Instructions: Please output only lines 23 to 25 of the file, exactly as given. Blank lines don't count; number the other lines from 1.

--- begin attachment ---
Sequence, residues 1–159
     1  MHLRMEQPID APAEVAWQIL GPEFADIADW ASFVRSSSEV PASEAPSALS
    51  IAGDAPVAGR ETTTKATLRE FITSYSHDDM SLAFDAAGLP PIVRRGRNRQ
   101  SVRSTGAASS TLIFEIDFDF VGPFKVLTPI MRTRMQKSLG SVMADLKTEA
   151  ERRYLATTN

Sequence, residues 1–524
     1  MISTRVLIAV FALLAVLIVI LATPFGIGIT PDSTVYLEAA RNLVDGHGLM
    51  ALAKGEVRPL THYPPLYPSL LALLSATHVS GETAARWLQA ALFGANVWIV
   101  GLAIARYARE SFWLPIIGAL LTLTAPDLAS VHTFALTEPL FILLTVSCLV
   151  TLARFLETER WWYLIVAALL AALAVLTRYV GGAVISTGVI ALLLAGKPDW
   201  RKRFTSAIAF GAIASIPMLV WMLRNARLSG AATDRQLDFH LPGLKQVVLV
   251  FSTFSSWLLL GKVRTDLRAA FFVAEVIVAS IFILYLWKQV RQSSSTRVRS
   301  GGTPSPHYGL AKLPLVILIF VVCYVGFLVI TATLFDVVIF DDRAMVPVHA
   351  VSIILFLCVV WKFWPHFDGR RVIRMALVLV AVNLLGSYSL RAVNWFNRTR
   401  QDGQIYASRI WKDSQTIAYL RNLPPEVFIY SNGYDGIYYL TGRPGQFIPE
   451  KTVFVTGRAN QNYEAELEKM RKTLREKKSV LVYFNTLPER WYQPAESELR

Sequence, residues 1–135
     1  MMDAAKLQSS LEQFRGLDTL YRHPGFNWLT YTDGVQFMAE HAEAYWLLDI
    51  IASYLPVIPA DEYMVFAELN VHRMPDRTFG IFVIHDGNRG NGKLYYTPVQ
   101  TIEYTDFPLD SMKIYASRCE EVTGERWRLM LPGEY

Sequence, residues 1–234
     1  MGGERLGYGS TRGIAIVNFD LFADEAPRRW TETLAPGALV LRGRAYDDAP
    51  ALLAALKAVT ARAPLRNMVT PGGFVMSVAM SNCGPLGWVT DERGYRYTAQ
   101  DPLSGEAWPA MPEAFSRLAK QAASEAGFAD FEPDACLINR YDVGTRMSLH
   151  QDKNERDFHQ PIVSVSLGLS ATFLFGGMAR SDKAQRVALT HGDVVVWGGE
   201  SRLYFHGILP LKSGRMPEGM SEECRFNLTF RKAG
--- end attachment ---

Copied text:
    51  ALLAALKAVT ARAPLRNMVT PGGFVMSVAM SNCGPLGWVT DERGYRYTAQ
   101  DPLSGEAWPA MPEAFSRLAK QAASEAGFAD FEPDACLINR YDVGTRMSLH
   151  QDKNERDFHQ PIVSVSLGLS ATFLFGGMAR SDKAQRVALT HGDVVVWGGE